|Release Date: 8/21/1913|
|Brand: Flying A|
|Genre: Western Romance|
|Writer: George Cantwell|
|Confirmed Cast: Billie West, Robert Grey, George Field, Chester Withey|
The theme of this story has to do with the trials and final success of two young people, a boy and a girl, who leave their homes to join a stampede to a newly discovered mining district. Later they find themselves on the trail facing the necessity of doing for themselves things they have never done before. Next day affiairs run no better with either of them, and the young man, in attempting to make a pie, burns it. As it was impossible to eat this, he nails it to a post in front of his tent and above is placed a sign, "Girl Wanted."
The sign attracts the girl's attention, and, after a little maneuvering, it is agreed that she help him out in his cooking, while he makes himself of use to her in many other ways. Eventually they form a regular woking partnership. The busy days roll by without much success. One day as he is resting on a hillside with a group of fellow prospectors, they slip a lot of loose rock into his pack, and upon arrival at camp he learns why his pack was so heavy. He is tired and out of humor, and it is the girl who first notices that the rock is really gold ore and very rich. They learn from the others where this rock was placed in the pack, and later find the original ledge and locate it. In working their find, and being accustomed to the use of dynamite, they have an accidental explosion in which the boy is injured and is obliged to remain in camp a week or more. Upon their return to the claim, they find two men in possession, who refuse to vacate, and as the explosion has destroyed their location notice, there is no proof of their property.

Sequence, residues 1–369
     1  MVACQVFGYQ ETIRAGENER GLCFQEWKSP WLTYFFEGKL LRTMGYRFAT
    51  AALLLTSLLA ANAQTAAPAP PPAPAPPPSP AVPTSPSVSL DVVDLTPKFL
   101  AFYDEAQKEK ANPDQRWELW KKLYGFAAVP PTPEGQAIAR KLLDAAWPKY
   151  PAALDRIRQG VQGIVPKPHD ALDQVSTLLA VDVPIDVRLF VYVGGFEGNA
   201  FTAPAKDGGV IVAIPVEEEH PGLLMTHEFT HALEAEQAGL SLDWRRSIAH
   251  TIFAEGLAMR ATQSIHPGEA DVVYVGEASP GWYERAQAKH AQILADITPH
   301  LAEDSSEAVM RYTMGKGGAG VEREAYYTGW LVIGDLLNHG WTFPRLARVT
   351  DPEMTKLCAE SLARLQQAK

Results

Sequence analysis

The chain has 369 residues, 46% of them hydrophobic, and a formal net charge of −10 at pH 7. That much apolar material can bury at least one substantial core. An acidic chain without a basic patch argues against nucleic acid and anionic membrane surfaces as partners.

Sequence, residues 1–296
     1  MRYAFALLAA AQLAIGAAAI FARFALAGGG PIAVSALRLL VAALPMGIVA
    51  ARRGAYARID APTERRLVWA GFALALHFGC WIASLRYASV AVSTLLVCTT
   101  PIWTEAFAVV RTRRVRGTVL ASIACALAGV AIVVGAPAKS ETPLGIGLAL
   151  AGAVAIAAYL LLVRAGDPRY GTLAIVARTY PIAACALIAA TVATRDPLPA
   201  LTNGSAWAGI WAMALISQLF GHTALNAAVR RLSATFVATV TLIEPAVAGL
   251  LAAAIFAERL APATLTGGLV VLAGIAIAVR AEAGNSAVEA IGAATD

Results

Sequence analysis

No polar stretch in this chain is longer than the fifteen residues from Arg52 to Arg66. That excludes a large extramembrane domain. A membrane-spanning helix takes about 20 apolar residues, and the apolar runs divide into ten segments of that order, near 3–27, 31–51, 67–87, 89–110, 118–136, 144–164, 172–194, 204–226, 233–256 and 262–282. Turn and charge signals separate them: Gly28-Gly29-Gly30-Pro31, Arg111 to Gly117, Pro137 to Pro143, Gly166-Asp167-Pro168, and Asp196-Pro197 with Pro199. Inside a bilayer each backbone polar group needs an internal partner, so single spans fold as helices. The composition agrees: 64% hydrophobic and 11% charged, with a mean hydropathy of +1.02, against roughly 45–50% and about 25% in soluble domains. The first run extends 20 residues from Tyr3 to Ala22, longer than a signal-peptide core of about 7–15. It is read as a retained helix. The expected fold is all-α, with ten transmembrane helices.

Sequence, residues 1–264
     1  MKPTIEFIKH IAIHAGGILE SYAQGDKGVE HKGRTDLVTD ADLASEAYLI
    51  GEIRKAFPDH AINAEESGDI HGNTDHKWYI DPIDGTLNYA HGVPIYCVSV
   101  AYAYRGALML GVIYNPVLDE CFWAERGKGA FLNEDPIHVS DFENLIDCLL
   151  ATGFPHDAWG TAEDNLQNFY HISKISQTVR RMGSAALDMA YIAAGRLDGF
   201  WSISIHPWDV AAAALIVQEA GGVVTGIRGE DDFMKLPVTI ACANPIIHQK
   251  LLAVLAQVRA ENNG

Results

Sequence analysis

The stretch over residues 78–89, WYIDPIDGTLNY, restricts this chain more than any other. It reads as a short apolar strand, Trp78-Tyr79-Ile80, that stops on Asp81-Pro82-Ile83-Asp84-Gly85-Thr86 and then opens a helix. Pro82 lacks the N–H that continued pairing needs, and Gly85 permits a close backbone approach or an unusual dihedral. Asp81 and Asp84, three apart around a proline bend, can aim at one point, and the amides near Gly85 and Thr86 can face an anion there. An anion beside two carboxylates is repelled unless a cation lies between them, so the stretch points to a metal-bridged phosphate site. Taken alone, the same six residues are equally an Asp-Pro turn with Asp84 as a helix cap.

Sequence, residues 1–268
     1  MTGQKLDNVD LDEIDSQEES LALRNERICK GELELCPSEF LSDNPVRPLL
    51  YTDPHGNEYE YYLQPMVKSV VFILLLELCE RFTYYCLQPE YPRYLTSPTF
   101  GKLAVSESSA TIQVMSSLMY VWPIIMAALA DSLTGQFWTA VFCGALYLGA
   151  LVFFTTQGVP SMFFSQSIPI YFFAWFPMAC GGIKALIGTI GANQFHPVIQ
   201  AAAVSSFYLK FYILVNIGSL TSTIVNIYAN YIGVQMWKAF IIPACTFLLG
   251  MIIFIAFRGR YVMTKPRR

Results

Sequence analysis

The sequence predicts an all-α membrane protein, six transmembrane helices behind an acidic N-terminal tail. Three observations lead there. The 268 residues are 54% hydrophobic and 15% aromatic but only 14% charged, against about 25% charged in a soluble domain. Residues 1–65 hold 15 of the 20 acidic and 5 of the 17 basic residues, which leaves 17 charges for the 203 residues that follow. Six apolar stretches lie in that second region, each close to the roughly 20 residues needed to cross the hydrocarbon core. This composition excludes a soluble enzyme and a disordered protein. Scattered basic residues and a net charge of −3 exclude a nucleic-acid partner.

They return to camp and call a miners' meeting and the entire party return to the claim and in the discussion that takes place, the girl finds a piece of the original notice blown into a crevice of the rocks and the jumpers are forced to relinquish their claim. The boy, in his enthusiasm, takes the girl into his arms, and in the confusion, a grizzly old miner, with a wink, slips a ring off his finger to the boy, who passes it on to the girl, who accepts it. They are married by a justice, move the two tents into one establishment and the final scene shows that evening, two silhouetted figures against the tent walls in fond embrace.
- Moving Picture World, August 1913
The Library of Congress holds only a five minute remnant of the last known print of this film.